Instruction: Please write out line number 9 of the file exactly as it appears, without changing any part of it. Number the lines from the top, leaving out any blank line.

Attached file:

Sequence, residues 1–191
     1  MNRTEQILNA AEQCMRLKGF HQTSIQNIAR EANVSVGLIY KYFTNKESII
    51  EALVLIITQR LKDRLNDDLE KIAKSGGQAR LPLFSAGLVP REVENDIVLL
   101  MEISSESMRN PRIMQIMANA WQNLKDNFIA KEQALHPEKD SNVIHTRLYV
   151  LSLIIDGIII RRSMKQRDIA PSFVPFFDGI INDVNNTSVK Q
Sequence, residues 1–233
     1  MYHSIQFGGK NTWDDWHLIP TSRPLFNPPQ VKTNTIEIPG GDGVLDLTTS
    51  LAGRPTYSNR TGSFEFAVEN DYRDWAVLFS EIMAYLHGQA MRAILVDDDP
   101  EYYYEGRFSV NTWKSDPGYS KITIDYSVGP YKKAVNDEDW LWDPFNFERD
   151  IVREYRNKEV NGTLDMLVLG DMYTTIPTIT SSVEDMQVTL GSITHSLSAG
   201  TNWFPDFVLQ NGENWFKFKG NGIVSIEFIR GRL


   101  EYYYEGRFSV NTWKSDPGYS KITIDYSVGP YKKAVNDEDW LWDPFNFERD